How to improve your self-esteem

How we see and value ourselves can have a huge impact on our outlook. We share ways you can explore to boost your self-esteem and start viewing yourself (and the world around you) in a more positive light

This is an edited version of an article that originally appeared on Happiful

We’ve all been there; some days, you just can’t think of a single positive thing to say about yourself. It’s when those momentary periods of self-dislike turn into something more long-lasting and prevalent that it can be a sign that you may have low self-esteem.

What is self-esteem?

Self-esteem is, in essence, how we perceive and value ourselves. Our self-esteem can be influenced by a wide variety of things, from life events to our childhoods. When your self-esteem is low, you may begin seeing yourself, and the world around you, in a more negative light. This can also cause you to struggle with unexpected challenges, leave you feeling generally unhappy, unsatisfied and can create a negative impact on your overall mental health and wellbeing.

When you have good self-esteem you are more able to recognise your value and worth. Positive self-esteem can help you feel confident to try new things, take risks, step outside your comfort zone, and stand up for what you are passionate about. Low self-esteem can leave you taking each mistake to heart, could cause you to put other’s feelings and needs above your own, and leave you feeling unable to speak out and seek help when you need it.

As one counsellor explained, “You can’t touch it, but it affects how you feel. You can’t see it, but it’s there when you look at yourself in the mirror. You can’t hear it, but it’s there every time you talk about yourself.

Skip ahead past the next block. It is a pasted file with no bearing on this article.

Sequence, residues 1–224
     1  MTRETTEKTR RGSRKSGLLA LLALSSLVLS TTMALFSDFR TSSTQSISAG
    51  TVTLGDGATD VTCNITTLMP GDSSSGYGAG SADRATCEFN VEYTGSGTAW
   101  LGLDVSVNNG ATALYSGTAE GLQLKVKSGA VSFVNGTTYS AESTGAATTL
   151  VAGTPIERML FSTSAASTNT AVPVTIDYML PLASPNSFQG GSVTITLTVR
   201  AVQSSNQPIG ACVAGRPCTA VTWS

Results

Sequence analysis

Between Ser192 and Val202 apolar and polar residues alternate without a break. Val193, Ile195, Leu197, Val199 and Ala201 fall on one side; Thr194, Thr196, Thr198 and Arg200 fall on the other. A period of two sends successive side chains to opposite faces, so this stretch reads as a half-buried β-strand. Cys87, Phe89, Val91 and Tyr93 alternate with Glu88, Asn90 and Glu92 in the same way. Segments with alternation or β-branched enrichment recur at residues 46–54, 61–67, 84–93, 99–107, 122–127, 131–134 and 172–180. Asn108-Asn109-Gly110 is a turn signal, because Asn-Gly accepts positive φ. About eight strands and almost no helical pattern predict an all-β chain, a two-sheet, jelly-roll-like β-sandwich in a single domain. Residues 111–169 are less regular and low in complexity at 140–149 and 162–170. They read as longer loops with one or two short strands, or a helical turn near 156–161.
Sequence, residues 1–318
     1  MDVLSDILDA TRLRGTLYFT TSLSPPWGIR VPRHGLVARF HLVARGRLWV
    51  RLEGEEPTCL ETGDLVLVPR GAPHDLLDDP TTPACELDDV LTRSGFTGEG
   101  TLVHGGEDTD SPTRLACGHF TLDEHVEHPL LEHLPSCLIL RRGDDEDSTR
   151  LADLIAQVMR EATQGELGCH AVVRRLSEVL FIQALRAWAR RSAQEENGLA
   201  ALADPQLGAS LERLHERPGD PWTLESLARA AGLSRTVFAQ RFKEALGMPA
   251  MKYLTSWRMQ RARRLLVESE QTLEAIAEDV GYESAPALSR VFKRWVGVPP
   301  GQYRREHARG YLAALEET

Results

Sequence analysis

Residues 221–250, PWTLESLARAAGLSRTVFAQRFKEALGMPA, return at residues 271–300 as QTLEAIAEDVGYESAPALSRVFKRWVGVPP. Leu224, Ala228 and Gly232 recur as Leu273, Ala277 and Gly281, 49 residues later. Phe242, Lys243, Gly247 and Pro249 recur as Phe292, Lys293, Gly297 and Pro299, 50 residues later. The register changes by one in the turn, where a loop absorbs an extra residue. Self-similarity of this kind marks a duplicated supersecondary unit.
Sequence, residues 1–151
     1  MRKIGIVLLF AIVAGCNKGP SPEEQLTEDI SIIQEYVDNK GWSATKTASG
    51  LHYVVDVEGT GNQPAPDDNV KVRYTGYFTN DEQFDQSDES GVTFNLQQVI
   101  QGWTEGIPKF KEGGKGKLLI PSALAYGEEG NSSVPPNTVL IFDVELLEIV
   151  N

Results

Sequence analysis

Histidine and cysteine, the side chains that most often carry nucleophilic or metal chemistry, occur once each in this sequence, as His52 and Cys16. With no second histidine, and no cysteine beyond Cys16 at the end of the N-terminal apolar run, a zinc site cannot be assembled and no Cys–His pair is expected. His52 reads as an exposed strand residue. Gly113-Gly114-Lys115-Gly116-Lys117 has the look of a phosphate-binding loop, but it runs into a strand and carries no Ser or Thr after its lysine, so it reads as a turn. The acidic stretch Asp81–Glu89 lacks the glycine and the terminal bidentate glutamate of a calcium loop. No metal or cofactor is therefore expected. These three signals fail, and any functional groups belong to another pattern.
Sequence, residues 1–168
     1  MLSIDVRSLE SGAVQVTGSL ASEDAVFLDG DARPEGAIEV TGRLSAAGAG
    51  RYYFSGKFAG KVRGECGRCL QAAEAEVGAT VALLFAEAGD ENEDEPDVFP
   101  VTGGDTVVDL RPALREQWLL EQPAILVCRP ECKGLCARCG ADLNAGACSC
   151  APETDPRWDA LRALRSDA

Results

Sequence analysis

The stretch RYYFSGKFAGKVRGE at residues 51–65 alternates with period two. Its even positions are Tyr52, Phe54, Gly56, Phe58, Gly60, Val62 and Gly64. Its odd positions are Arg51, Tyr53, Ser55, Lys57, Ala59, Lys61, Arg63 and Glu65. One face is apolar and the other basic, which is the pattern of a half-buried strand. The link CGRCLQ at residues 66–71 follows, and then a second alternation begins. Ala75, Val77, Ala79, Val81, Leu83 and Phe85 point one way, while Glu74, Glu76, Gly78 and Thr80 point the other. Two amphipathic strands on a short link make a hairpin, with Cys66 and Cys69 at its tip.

“It’s knowing you are worthy of love and respect and accepting your limitations and boundaries. It’s how you see yourself, and how you feel about your achievements. Good self-esteem helps you to hold your head high and feel proud of yourself and what you can do.”

While we may all have times where we don’t feel good about ourselves, we can do our best to make sure that these periods don’t become a long-term problem. If you find yourself struggling to:

  • like and value yourself as a person;
  • assert yourself or make decisions;
  • recognise your strengths or try new things;
  • practice self-compassion or kindness;
  • take time to look after yourself and practice self-care;
  • move past mistakes without unfairly blaming yourself;
  • feel that you deserve to be happy.

These can all be signs that you may be struggling with low self-esteem; over time, these can lead to anxiety and depression.

Here are some ways you can take control and start boosting your self-esteem.

Identify and challenge negative thoughts

What negative beliefs do you have about yourself? Maybe you think you’re ‘not good enough’ to apply for that promotion, or that ‘nobody really cares’ how you feel. Keep track of these automatic negative thoughts by noting them down.

Can you remember when you first started to feel this way? Figuring out the cause of these thoughts can help you to challenge negative thinking and replace it with more positive thoughts and focuses.

Focus on your positives